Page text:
His crowing stopped when I came in to feed them – having asserted his authority, he was content to stop announcing daybreak (and besides, it is harder to crow with a mouth full). He and his ladies are rather messy eaters though, scattering assorted seeds and grains across the floor of the room. Their companions, the quails in the upstairs apartment, are equally messy eaters, so the Banties cannot be blamed for the entire mess. We are working on ways to get them to adopt more acceptable table manners, but in the mean time, the mess needs sweeping daily. We’ll be going to sprouted fodder grains soon, which should reduce the messiness since it is harder for them to fling that out of the cage in their hunt for the juicy bits.
The quail are quiet. They coo and chirp and crow quietly, and that is all. The crow is not like a rooster crow. It is softer and more gurgly. They do not wake me in the morning.
The Bantams are familiar territory. We’ve raised them before without purchasing commercial layer feed. The quail are a new adventure. Their diet is similar to the Bantams, they just need a little more protein – a few more tasty bugs. Harder to provide to indoor poultry than outdoor poultry, since the indoor birds cannot forage for themselves. I foresee a worm bin taking up residence in the basement room in the near future. Six fodder trays have already been set on the shelf below the Bantam cage, with dampened seeds for sprouting.
Since the rooster is still very young, I don’t doubt his crow will change. In the mean time, he is amusing, and not too obnoxious, so he can get away with sounding like a scalded cat.
Everyone has an opinion about whether the US should “rescue” refugees or not, and the opinions seem to center on two basic topics – compassion, and safety.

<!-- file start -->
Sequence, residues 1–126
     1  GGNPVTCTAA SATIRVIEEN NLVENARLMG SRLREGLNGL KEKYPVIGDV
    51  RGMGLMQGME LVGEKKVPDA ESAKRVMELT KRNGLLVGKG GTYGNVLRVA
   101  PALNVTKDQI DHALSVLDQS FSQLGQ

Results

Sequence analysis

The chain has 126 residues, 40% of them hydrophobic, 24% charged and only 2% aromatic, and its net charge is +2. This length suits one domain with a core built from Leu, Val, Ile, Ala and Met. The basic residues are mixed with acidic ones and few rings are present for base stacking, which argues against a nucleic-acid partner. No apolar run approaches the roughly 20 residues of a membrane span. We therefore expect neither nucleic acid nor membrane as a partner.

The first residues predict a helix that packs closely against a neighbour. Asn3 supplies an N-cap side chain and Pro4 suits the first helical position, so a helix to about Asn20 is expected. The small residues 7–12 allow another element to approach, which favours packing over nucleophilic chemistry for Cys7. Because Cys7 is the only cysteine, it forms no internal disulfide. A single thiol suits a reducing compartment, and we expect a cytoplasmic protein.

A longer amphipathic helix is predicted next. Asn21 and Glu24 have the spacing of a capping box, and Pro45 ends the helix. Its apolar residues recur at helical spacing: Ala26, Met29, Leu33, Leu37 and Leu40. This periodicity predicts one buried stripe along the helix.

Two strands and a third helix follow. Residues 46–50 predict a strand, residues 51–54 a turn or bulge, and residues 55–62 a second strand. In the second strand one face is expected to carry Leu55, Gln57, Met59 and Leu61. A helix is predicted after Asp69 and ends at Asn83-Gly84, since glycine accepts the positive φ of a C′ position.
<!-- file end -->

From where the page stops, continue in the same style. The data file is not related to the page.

The issues here are lengthy, and often distracting. Mostly distracting. Because the things you have been lead to focus on, are not the issues at all. A few loud voices have controlled the dialog, and carefully circumvented the facts.
I’ll try to break this down into some coherent sub-topics.
If the government resettles refugees, that is not compassion. That is socialism. That is theft of American money, from American taxpayers, given to foreign entities. There is nothing compassionate about it.
Compassion is an individual thing. You feel it, sufficient to act upon it, GIVING OF YOURSELF (not taking from someone else, or ordering someone else to do it). If you do not decide to GIVE… PERSONALLY… YOU DON’T HAVE COMPASSION. You are only pretending.
So let’s stop the pretense that those who want the government to fix the problem, somehow have more compassion than those who want to stop the government from acting beyond the scope of immigration law.
Our nation is broke. Maybe you don’t realize this, but when you are so far in debt that you will never have the resources to get out of debt, you are broke! When your income exceeds your expenses year after year, and there is NO EFFORT to restrain or economize, YOU ARE NOT JUST BROKE, YOU ARE STUPID.
For our government to discuss SPENDING money to take on the upkeep of refugees here, is not only contrary to our law, it is unbelievably irresponsible, and CRUEL to the very people to whom this government owes its first allegiance – that is WE, THE PEOPLE… NO, that does not mean people from around the globe. No, that does not mean citizens of another nation. It means AMERICAN CITIZENS. We pay the tab. We come first. It is the duty of the government to see to the needs of its own house before aiding another (that is Biblical, for those Christians who want doctrine – it is just plain fair logic for those who don’t care about that).